NEWMAN, Lt Col. Augustus Charles, VC

Known as: 
Colonel Charles, Charlie
Rank: 
Lieutenant Colonel
Regiment/Corps: 
Essex Regiment
Service: 
Army
Born: 
Friday, August 19, 1904
Died : 
Wednesday, April 26, 1972
Operations: 
Col. Newman VC 2 Commando
Lt. Colonel Augustus Charles Newman, Officer Commanding No 2 Commando, was awarded the Victoria Cross for his gallantry whilst Military Force Commander of Operation Chariot, St. Nazaire.
 

Extract from Commando Association Newsletter 55 of September 1972

It was with profound regret that we learned on the 26th April last, of the death of Lieut. Colonel A. Charles Newman, V.C., O.B.E., T.D., our first President to pass away whilst in office, and we are deeply indebted to his close friend and comrade, and esteemed Chairman of our Warrington Branch, Lieut Colonel W. O. (Bill) Copland, D.S.O., for the following most fitting tribute:-
 
"St. Paul's Cathedral, a link with famous men and their memorials for nearly 300 years, can seldom have held a more numerous and more varied a congregation of friends as were gathered together on the first of May, 1972, to pay homage and to show affection to the memory of Charles Newman, V.C., our President, friend of many, enemy to none, example to all of us."
 
"As a Territorial Soldier he was the epitome of civilian military service in Peace and in War, ranging from his own beloved Essex Regiment to No. 3 Independent Company which saw service in Norway in 1940, then in No. 1 Special Service Battalion to his zenith of Service in No. 2 Commando which he commanded on its formation in 1941."
 
"To him, this was the ultimate in choice of a service and, because he was so splendid a Commanding Officer, he gained quickly the affection and respect of his new command drawn, as it was, from almost every Regiment in the Army. The high standard he set for every aspect of military training and conduct both on and off parade and his deep sense of fairness, helped to produce a unit in which the only punishment was R.T.U. and whose only standard was perfection. Enough has been written about his part in the Naval and Commando Raid on St. Nazaire on 28th March, 1942, whore he earned his Victoria Cross, to assure for him his special niche in military history. With others of No. 2 and attached Commandos, Royal Engineers and others, together with Royal Navy personnel, he spent 3 years in German prison camps. Here again he contributed much to morale by his conduct and bearing. If this were not enough, and knowing he had still much to give, he commanded 2lst S.A.S. Regiment (Artists) T.A. and was Colonel Commandant of his County Army Cadet Force."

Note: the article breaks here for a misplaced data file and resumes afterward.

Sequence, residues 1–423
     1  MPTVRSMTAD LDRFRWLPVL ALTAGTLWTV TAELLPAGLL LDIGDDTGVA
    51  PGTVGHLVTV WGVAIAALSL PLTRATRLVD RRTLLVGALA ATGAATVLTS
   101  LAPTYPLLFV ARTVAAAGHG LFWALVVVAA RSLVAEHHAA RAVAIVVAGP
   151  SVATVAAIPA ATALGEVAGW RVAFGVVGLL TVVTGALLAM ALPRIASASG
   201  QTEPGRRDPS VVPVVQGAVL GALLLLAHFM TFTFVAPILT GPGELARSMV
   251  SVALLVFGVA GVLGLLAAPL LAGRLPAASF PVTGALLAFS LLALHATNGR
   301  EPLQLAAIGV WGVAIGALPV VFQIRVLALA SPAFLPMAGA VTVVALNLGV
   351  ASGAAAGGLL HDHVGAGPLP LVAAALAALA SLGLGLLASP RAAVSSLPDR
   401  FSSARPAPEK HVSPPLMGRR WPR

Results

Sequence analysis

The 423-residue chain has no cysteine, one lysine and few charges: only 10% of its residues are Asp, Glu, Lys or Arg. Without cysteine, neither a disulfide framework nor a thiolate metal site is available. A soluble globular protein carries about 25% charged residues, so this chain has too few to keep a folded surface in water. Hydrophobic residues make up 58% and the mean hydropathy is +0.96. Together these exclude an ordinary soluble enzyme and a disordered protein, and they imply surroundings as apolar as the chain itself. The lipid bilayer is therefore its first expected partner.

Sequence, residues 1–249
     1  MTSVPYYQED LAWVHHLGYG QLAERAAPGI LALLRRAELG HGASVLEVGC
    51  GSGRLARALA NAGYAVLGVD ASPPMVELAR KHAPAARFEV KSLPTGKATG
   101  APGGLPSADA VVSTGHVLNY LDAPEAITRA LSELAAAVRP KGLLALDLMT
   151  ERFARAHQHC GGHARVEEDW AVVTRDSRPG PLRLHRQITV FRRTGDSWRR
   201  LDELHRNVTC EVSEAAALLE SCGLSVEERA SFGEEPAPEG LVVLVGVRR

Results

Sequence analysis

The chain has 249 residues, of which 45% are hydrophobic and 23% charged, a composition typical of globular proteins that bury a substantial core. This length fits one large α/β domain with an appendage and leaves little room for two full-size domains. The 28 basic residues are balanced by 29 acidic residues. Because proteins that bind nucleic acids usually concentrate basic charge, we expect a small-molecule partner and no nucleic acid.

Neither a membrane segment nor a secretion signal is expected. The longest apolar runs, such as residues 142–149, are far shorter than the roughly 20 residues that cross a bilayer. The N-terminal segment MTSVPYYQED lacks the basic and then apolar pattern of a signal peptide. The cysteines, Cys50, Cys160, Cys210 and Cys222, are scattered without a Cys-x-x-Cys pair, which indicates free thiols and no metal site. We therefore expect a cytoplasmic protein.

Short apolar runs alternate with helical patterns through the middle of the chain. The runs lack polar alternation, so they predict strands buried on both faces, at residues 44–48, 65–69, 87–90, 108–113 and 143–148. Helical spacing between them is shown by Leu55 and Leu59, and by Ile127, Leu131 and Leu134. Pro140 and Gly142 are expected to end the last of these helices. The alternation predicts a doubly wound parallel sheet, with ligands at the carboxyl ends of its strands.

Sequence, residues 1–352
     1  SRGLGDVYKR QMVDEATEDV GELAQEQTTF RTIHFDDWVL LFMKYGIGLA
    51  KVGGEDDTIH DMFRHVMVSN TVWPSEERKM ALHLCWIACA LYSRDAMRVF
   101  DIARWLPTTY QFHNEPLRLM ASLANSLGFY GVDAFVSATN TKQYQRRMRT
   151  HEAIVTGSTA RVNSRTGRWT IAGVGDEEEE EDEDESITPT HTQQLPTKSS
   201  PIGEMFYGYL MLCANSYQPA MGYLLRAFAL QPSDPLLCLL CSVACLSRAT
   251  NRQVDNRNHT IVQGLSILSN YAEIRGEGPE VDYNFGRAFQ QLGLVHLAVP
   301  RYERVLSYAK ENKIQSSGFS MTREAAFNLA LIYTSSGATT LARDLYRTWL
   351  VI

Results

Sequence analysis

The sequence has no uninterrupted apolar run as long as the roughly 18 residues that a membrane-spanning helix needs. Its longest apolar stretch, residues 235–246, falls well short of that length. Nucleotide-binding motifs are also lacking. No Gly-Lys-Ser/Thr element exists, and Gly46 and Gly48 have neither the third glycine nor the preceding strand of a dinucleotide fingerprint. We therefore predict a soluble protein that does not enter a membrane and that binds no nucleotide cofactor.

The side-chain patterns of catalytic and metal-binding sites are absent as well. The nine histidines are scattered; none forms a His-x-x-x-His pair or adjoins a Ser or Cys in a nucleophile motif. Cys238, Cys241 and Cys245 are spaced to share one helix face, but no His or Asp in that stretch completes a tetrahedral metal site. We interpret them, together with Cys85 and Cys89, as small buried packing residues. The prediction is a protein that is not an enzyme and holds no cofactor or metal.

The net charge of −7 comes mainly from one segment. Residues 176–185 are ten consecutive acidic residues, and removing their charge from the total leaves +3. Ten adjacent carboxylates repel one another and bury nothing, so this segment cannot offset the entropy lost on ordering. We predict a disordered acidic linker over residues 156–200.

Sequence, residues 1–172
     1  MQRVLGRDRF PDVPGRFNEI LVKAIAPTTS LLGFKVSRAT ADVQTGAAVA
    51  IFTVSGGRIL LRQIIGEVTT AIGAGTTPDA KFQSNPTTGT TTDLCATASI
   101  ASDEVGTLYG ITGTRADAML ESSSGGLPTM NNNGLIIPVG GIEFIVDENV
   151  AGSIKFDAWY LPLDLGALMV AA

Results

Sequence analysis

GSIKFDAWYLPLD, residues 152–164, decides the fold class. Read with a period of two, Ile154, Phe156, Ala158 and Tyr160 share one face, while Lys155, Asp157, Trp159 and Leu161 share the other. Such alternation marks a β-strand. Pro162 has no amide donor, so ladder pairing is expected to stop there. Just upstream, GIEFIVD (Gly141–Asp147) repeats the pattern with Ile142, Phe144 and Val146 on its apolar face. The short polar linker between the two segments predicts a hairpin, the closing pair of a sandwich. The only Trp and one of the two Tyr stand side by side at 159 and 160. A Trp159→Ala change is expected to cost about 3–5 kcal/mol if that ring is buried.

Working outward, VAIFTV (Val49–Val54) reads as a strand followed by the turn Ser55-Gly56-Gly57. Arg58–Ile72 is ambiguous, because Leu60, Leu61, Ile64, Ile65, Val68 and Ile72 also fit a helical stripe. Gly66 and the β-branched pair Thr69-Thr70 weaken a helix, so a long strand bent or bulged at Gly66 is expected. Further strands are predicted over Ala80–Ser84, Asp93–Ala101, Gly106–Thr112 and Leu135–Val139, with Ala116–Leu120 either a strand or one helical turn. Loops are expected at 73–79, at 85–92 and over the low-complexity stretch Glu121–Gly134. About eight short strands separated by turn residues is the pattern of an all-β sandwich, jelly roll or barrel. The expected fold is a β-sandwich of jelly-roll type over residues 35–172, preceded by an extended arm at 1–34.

"His links with civil life were many and varied and in many ways required similar outlooks and qualities as-best befit a soldier. As Chairman and Managing Director of a world wide firm of contractors, he led his company through good times and bad with the same kindly handling and belief in those who worked with him. In public life he was a man of many parts with wide interests and affections. He became a Deputy Lieutenant of Essex and Chairman or member of many organizations, civil and sporting." 
 
"Finally, after his retirement in 1971, ever a lover of children, he gave much joy to youngsters in many recreations, Pony Clubs and 'messing about in boats', all so near to his ' Peter Pan' heart. So we say 'au revoir' 'to one of our most excellent of Presidents of The Commando Association, splendid soldier and citizen, head of a loving and beloved family. May his example illuminate our future and may our Nation ever find men like Charles Newman to help guide and protect it in War and Peace "  W. O. Copland.
 
Bob Bishop No 2 Commando recalled the Colonel’s tremendous work in recruiting, training and forging a fighting unit that he could lead into battle anytime and at anyplace.  Colonel Newman managed to keep his troops at a razor-sharp level of efficiency despite the winter of discontent and impatience of 1940 and the year of frustration that followed it in 1941. Under a lesser leader morale would have surely gone to pot, but, by clever use of novel training programmes which he dreamed up, managed by sheer force of personality to actually improve the ‘readiness’ condition of the Commando, day by day.
During a boxing tournament that had been arranged between No. 2 Commando and a local artillery unit stationed near Ayr, the artillery C.O. entered the hall and took his ringside seat amid some mutterings from his own men to the effect of ‘officers always getting the best seats’. Then Colonel Newman made his entrance and Bob Bishop comments "the difference could be compared to codfish versus caviar." The entire Commando rose up and belted out this verse:
Clap hands! - Here comes Charlie!
Clap hands! - Good Old Charlie!
Clap hands! - Here’s Our Charlie now!!
The Colonel grinned, and turned with his hands clasped above his head in the prize-fighter manner to acknowledge what he knew was a genuine expression of admiration from his boys. The artillery lads looked on in disbelief.  
Colonel Augustus Charles NEWMAN VC OBE TD DL (Commanding Officer No 2 Cdo) died 26th April 1972.

 


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